Many or all of the products featured here are from our partners who compensate us. This may influence which products we write about and where and how the product appears on a page. However, this does not influence our evaluations.
Having no credit or bad credit both present different challenges. Bad credit can prompt frequent collection calls and take a long time to repair, while no credit can reduce your eligibility for most loans.
Whether you’re new to credit or you have years of activity (and a few blemishes on your report), you may wonder, “Is no credit better than bad credit?” No credit and bad credit can both hold you back in their own ways. No credit means that lenders can’t easily review your credit history, while bad credit means you’ve earned derogatory marks on your credit profile.
We’ll explore the nuances of both situations and share ways you can bolster your credit.
- Everyone starts with no credit until we take an action that must be reported to a credit bureau.
- It takes time to increase your credit, whether you have bad or no credit.
- There are certain loans that you can apply for with bad credit.
What Are the Impacts of Each?
Credit scores, alongside a person’s employment status and annual income, help lenders decide if they’ll approve an applicant for loans, credit cards, and low interest rates. Borrowers with no or bad credit can still secure loans despite their current credit status, but it helps to know how their prospects might be affected.
The Impact of No Credit
People start to build credit when they make financial decisions that can be reported to a credit bureau. Applying for a credit card, paying down a student loan, or paying rent for a property you’ve leased are just a few actions that would fall under this umbrella.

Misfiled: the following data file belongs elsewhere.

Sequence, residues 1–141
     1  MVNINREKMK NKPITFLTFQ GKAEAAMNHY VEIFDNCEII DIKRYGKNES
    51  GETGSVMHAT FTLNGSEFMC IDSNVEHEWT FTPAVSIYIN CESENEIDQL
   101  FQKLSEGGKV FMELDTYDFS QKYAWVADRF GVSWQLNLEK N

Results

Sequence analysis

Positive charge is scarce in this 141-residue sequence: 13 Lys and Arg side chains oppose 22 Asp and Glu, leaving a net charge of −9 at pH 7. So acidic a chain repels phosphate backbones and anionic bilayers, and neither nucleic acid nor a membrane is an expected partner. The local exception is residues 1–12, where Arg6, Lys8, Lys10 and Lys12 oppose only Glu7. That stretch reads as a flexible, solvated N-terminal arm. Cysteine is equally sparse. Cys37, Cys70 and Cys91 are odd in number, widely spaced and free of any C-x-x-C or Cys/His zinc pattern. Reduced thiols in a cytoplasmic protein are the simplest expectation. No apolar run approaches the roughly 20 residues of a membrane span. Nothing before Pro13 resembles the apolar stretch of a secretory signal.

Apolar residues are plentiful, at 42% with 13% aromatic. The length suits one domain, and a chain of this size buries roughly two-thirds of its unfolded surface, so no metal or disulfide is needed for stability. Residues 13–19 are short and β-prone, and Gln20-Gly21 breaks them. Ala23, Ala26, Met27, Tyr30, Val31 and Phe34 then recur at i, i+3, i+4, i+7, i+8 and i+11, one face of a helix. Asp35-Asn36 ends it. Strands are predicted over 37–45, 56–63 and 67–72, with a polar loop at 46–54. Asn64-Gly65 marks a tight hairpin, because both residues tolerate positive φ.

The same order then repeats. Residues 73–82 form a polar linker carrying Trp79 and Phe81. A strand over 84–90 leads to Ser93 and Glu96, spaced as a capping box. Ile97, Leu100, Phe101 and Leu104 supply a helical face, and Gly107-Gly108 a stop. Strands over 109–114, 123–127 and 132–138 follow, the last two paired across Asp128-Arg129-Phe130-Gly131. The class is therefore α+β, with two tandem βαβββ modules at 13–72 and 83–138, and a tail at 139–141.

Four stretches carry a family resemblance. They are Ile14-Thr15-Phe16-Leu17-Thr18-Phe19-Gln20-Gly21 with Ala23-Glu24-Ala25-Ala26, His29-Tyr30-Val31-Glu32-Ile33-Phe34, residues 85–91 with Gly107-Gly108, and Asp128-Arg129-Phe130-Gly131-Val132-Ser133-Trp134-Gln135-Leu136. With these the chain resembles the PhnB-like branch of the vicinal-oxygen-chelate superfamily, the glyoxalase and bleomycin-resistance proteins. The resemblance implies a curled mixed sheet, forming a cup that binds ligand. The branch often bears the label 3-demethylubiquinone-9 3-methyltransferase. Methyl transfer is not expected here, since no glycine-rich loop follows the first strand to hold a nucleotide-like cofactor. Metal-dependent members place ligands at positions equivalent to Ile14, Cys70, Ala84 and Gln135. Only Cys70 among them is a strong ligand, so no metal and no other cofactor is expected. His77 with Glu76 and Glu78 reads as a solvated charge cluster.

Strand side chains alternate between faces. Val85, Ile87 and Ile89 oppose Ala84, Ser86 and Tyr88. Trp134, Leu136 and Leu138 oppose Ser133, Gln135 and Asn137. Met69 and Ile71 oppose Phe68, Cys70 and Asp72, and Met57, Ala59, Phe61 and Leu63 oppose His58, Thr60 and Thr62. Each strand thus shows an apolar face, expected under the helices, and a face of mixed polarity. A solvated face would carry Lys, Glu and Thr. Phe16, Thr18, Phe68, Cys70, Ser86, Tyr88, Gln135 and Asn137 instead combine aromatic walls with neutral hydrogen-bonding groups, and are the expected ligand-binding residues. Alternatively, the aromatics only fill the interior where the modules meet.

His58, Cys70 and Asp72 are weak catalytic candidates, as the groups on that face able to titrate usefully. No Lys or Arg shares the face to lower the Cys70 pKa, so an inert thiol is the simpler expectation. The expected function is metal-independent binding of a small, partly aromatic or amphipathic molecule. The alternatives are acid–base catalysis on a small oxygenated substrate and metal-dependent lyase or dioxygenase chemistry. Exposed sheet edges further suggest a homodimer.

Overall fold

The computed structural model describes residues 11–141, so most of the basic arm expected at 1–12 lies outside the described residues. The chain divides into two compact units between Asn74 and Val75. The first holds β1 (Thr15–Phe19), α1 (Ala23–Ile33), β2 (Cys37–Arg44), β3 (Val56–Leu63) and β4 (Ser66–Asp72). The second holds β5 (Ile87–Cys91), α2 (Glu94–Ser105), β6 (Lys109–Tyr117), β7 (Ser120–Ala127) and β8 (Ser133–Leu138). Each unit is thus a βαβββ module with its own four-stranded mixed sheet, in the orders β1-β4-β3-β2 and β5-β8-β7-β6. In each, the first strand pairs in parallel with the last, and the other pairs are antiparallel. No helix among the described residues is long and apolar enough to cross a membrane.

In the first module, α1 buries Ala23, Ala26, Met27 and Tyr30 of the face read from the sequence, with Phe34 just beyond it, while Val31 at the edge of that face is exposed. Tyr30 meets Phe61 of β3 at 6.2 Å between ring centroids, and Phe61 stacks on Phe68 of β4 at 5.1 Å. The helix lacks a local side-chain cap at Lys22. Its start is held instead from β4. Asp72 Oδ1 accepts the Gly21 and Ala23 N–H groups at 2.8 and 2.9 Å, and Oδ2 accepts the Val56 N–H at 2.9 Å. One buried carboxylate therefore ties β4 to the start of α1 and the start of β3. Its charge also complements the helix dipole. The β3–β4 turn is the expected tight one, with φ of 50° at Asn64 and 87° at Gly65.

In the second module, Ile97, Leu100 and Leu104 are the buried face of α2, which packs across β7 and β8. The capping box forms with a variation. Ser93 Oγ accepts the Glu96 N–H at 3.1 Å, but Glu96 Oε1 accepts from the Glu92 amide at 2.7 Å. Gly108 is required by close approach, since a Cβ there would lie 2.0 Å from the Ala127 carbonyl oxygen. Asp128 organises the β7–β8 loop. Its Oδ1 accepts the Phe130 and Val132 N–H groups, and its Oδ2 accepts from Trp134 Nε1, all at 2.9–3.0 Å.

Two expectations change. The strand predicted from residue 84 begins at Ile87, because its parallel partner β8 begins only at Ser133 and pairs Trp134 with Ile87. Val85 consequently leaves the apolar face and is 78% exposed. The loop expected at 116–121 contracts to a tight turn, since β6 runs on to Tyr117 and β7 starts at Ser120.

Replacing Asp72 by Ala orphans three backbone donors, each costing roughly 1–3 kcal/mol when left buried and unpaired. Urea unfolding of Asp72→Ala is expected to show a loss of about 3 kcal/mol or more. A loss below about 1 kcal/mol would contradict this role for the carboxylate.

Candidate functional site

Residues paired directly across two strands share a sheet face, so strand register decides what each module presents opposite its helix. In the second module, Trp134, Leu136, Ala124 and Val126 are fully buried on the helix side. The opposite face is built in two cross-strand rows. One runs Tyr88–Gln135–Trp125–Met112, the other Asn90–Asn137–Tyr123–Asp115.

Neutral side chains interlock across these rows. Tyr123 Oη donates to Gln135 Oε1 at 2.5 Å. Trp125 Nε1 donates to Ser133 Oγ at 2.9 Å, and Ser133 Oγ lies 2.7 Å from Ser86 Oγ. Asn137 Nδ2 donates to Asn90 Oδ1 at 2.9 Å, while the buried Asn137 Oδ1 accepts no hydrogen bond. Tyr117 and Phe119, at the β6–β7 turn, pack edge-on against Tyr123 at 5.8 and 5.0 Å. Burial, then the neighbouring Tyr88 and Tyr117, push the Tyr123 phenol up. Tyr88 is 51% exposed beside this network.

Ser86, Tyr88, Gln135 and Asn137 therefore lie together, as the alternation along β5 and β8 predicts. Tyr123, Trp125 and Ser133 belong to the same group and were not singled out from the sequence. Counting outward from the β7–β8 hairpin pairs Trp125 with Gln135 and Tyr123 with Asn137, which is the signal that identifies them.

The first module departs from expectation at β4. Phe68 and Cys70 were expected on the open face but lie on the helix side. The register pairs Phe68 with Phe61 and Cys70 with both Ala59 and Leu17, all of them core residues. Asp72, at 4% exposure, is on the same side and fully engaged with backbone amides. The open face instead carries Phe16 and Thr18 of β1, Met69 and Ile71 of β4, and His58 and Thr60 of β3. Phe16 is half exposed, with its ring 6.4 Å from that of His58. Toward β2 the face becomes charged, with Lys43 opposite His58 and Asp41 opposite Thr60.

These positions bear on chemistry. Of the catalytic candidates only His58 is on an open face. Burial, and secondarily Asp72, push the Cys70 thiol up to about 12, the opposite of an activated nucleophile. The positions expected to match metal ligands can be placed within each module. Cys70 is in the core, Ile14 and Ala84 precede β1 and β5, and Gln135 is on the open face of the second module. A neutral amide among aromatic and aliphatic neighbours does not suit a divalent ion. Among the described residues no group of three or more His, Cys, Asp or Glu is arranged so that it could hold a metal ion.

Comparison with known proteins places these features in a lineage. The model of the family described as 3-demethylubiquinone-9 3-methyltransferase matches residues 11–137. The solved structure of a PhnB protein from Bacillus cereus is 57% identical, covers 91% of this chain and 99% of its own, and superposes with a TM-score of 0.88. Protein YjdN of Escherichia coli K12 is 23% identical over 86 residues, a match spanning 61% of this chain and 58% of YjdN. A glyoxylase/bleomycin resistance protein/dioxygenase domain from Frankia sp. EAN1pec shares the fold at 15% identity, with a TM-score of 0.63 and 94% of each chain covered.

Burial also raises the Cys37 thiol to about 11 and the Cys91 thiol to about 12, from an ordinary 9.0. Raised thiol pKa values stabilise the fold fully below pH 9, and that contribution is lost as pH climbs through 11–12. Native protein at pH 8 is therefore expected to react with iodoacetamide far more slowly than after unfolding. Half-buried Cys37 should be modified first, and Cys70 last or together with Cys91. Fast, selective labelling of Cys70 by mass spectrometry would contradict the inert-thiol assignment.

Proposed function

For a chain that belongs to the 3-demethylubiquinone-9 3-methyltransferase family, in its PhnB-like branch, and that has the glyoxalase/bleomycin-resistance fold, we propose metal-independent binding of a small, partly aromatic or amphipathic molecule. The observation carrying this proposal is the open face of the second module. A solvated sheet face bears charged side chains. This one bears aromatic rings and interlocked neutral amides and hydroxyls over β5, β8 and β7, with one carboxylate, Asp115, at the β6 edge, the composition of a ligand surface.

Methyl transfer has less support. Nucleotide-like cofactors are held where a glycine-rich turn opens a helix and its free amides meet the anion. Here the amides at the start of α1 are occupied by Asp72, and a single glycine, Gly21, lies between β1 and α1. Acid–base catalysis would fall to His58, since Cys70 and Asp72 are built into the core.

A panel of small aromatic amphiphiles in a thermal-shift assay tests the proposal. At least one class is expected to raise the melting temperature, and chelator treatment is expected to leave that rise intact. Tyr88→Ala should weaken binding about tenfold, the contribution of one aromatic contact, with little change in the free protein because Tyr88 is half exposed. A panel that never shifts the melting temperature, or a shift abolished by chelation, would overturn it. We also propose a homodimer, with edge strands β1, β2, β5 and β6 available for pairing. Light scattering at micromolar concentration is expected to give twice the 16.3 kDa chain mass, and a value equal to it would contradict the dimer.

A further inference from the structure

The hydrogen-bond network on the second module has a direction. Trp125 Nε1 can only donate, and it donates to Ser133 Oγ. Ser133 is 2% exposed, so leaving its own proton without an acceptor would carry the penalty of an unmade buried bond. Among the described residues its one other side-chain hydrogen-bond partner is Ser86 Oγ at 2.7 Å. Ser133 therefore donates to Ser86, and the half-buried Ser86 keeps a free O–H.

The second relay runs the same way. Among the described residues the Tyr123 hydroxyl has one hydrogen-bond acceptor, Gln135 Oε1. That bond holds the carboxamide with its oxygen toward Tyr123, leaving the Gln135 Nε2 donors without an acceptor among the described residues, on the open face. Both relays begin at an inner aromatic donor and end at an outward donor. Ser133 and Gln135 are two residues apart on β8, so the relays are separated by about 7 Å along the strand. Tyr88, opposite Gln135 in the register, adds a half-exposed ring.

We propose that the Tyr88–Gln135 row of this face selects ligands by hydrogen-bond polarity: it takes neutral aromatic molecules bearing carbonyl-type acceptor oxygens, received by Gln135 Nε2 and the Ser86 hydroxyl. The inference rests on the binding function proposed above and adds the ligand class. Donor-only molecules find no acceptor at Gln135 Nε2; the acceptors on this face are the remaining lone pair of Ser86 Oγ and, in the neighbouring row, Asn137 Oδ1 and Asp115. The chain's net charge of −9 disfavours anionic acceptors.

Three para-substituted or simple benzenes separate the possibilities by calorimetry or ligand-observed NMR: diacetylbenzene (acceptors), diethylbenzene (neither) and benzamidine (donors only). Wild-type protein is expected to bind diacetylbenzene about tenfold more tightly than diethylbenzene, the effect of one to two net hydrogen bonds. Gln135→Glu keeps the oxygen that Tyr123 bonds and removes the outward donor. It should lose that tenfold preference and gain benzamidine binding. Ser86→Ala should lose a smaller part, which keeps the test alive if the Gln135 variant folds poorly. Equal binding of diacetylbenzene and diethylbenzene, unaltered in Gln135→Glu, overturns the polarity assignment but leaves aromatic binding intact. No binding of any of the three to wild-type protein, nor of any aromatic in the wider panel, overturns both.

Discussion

Lenders may have a harder time getting a sense of a no-credit borrower’s credit risk since the borrower won’t have a credit report. Some effects of having no credit score include:
- Ineligibility for most loans: It’s still possible to acquire bad credit loans, but it’s generally much harder to gain substantial funding with no credit history.
- Reduced credit card options: Borrowers with no credit history may only be eligible for cards with low limits or higher interest rates.
- Renting restrictions: Landlords often ask that renters meet or exceed a specific credit score range.
The effects of bad credit
A person’s credit score can fall for multiple reasons. While certain actions, like applying for new credit cards, can temporarily cause one’s score to dip, long-term financial habits determine credit scores the most.
Consistently making late payments, exceeding your credit limit, and neglecting your oldest accounts can lead to a bad credit score. Bad credit can present some of the same challenges that no credit can, as well as unique hurdles, including:
- Collection agencies: If you owe a significant amount of debt, a collection agency may repeatedly call and ask you to pay your outstanding debt. Knowing your debt collection rights can help if an agency threatens to seize your assets or ask for more money than you owe.
- Credit limit decreases: A bank can reduce a borrower’s credit limit if their score drastically decreases. These terms are usually outlined in the cardholder agreement you sign when first acquiring a credit card.